Falcons fall to Chiefs in back-breaking fashion

AP Photo/John Bazemore

As Kansas City Chiefs safety Eric Berry dashed into the open field en route to his seventh and eighth points of the game, it became clear that the Atlanta Falcons were going to lose 29-28 to a team that only scored 13 offensive points.

That’s exactly what happened Sunday afternoon at the Georgia Dome. In a game that will undoubtedly be added to the ever-growing list of heartbreaking Atlanta sports losses, the Falcons scored 12 unanswered points to cling to an unlikely 28-27 lead late in the fourth quarter. Going for a two-point conversion, Atlanta quarterback Matt Ryan threw an interception to Berry, who took the ball all the way back for a score.

Game over.

The loss drops the Falcons to 7-5, who are now just a half-game ahead of the Tampa Bay Buccaneers in the NFC South race. Atlanta will finish the season against four teams that have a combined 14-31 record, so there’s no doubt they’ll have a chance to recover after a tough loss against a very good Chiefs team, but by the end of Sunday, they might no longer control their own destiny.

Even more disheartening than the loss were the losses the Falcons might have suffered over the course of the game. Left tackle Jake Matthews left the game with a knee injury and was unable to return, and wide receivers Julio Jones and Mohammed Sanu – No. 1 and No. 2 on the depth chart, respectively – also left the game hurt. Atlanta relies on its offense to carry the load, and if they lose three key pieces at this point in the season, they might be kissing their playoff chances goodbye.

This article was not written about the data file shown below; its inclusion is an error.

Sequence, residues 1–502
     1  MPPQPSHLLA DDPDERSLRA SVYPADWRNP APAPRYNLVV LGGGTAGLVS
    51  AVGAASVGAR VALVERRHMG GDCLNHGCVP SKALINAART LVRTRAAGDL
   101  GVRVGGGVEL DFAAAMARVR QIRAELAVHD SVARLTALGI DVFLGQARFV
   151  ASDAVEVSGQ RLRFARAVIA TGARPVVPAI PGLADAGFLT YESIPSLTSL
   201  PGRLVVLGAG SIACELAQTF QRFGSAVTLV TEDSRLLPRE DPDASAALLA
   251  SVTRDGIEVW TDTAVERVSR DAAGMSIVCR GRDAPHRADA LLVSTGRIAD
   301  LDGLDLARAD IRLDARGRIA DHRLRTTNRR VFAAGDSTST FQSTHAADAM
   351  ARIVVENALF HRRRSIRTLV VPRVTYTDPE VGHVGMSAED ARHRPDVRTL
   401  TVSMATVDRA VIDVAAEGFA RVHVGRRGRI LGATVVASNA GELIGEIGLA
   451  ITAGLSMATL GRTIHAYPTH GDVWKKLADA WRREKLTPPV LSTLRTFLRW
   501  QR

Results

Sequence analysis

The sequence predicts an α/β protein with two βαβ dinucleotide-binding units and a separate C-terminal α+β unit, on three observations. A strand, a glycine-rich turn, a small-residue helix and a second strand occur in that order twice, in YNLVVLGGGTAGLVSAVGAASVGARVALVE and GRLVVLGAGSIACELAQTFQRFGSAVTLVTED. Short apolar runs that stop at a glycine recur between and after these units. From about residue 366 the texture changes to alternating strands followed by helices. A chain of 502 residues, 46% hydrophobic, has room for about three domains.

Sunday’s game was not a must-win, but it was a should-win. For the Falcons to be seen among the league’s elite, they need to beat the league’s elite. The 9-3 Chiefs are likely to be one of the AFC’s top seeds in the postseason, and the Falcons had them, rallying from 11 points down in the fourth quarter. After starting the season with huge wins against the Oakland Raiders and Denver Broncos on the road, the Falcons haven’t beaten a team with a winning record since Nov. 4.

A loss such as this one has the tendency to linger, but the Falcons can’t let that happen. If they take care of business against four mediocre opponents, they’ll still be a playoff team, and they might even be a No. 2 or No.3 seed. But that loss was about as bad as anything Atlanta fans have ever seen, and they’ve seen it all.

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